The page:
Nothing makes my pit bull Lacy’s ears perk up like the question “Wanna go on the boat?” She loves it when the wind blows up her floppy ears and she gets a full snout of fresh air as we cruise across Sebago Lake in southern Maine. Prior to Lacy, whom I rescued from a shelter, I boated with Otis and Tucker. Here are 10 tips — some learned firsthand, others from various sources — that you can use when taking your pet for a cruise.
Bring plenty of water from a collapsible bowl such as this one from outwardhound.com ($6.99 for a 48-ounce bowl).
Consider a boarding ramp if your pet is too large to be carried under one arm. A ramp also makes it easier for a pet to reboard from the water, the beach or a sandbar.
Include a mobile number on your pet’s tag. I prefer a tag that clips directly to the collar because it can’t get caught on anything or scratch my boat. Consider having a microchip imbedded beneath the dog’s skin. The chip is part of a registry and can be read by vets.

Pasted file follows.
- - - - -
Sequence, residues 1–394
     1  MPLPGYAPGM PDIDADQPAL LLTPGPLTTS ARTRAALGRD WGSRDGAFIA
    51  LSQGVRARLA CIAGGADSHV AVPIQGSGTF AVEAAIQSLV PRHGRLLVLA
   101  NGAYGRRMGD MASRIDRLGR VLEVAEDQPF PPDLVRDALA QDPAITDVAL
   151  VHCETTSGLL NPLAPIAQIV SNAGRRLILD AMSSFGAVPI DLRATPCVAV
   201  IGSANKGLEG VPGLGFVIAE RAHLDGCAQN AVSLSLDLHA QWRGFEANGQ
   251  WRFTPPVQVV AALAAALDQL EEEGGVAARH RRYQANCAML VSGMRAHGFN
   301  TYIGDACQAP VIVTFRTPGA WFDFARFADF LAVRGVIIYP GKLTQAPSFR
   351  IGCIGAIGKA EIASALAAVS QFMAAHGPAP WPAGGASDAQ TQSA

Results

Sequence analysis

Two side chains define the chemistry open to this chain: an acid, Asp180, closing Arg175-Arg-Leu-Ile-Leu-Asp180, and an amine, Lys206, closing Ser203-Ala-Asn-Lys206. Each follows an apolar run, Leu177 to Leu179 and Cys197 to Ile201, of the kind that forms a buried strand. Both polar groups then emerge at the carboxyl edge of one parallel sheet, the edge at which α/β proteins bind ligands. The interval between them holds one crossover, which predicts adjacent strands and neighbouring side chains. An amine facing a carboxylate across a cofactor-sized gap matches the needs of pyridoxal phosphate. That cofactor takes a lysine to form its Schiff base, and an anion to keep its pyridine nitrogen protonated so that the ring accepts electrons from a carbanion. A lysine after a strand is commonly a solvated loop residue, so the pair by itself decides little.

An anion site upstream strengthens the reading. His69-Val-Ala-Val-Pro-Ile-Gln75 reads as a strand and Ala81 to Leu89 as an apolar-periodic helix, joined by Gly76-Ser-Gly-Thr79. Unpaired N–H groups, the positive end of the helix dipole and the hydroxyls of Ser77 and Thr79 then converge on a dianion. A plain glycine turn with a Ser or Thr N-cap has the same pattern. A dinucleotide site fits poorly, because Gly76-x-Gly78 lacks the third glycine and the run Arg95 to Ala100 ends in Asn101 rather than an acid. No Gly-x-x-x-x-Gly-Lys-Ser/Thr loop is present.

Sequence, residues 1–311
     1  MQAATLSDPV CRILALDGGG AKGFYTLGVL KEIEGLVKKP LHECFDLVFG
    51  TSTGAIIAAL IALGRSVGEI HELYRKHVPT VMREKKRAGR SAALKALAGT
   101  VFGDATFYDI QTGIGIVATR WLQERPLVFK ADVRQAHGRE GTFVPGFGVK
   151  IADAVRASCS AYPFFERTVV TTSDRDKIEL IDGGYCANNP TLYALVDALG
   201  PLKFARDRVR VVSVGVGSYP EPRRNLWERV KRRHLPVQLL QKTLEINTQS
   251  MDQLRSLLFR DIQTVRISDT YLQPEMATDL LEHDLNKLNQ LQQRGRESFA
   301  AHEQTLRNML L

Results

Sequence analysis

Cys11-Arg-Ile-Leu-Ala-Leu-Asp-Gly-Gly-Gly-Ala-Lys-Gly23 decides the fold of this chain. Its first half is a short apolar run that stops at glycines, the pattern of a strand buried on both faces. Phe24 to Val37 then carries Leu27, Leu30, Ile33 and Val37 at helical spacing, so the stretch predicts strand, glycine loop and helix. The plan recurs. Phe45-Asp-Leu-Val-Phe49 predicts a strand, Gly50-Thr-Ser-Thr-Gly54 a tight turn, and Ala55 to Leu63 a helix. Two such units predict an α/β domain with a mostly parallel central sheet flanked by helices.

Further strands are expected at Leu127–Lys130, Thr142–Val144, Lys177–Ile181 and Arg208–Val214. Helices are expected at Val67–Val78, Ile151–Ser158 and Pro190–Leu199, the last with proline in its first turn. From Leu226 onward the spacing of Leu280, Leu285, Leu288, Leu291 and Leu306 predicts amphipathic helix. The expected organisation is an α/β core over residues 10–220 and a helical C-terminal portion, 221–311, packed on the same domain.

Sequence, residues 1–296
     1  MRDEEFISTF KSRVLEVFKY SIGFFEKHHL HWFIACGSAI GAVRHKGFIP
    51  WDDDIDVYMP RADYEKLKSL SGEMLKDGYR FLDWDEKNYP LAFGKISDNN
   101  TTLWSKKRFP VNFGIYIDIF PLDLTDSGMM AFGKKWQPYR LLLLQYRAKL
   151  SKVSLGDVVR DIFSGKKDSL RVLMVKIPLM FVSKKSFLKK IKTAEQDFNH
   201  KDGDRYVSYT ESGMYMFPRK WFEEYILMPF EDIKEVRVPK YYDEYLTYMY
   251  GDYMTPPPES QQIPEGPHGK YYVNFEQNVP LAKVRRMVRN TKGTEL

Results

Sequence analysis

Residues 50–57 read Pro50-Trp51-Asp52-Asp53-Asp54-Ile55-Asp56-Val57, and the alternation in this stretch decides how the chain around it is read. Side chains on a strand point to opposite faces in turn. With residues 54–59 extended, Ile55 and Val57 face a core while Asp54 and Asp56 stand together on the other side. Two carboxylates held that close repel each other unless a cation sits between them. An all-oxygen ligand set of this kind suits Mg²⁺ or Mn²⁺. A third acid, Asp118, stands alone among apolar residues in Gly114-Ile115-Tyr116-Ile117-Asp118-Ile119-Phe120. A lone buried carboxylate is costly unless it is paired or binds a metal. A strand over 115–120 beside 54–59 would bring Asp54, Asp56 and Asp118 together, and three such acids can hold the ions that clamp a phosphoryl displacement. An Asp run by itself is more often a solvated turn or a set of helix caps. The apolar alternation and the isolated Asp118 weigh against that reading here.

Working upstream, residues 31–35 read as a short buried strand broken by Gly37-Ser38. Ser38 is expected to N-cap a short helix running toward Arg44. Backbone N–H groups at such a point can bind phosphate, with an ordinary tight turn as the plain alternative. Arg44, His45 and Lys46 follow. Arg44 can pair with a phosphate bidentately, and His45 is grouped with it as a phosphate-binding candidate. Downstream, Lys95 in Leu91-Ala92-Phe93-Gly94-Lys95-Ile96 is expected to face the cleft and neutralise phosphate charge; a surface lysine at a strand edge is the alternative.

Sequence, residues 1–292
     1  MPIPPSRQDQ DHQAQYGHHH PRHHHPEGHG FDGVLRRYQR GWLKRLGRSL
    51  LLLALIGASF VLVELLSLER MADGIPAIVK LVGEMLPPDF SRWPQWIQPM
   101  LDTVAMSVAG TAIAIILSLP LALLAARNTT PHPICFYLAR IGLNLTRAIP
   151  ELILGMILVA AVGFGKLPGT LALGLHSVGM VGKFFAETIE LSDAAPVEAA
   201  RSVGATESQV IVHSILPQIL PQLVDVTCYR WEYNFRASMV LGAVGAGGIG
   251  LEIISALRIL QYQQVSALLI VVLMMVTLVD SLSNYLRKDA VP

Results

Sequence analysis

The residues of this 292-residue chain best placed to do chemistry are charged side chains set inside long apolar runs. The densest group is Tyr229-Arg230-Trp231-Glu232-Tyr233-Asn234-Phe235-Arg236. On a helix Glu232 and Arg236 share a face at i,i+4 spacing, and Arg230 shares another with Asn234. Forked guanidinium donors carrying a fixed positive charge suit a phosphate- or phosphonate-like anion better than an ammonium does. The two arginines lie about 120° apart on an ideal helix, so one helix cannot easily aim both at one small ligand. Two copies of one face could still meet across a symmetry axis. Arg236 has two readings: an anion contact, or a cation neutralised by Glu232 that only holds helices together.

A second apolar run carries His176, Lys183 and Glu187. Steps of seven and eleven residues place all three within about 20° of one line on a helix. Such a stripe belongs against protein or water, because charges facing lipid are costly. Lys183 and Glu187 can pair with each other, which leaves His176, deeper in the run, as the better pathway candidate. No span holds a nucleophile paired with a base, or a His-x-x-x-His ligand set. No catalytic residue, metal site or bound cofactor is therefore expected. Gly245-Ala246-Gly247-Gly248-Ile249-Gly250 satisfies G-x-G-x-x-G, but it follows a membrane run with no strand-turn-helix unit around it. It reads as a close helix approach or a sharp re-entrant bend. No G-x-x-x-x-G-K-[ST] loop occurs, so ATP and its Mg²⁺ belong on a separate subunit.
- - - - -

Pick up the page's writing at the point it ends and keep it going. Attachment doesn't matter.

Keep your dog’s first boat outing brief. My dog used to stop and assume a wide-footed stance on the dock. Get your dog comfortable on docks and boats.
Dog Overboard Plan
Create a game plan before you even bring your pet on a boat.
Even “water breeds” benefit from a life jacket, especially in strong current or choppy water. The handles on a life jacket also help to grip and lift a pet into the boat.
Leashes and Collars
A harness, as opposed to a collar, provides a means to grab and lift the dog, even using a boat hook.
Make sure you have a stocked pet first-aid kit aboard like the one from RC Pet Products Ltd. (rcpets.com, $35). The Humane Society of the United States recommends pet-specific supplies and useful items to include in a boating dog’s first-aid kit. Dogs can take Dramamine and other remedies for seasickness. Check with your vet.
While many housebroken pets will be reluctant to “go” aboard your boat, pets can be trained to use carpet scraps, wee-wee pads or litter boxes placed in the cockpit.
Sunscreen should be applied on the dog’s belly and inside the hind legs, at least. Pet sunscreens like Doggles (doggles.com, $16.99), Nutri-Vet (nutrivet.com, $7.99) and Vet’s Best sun relief spray (petnation.org, $9.99) are free of zinc oxide, which can be harmful if pets lick it. Spray-on varieties are easy to apply.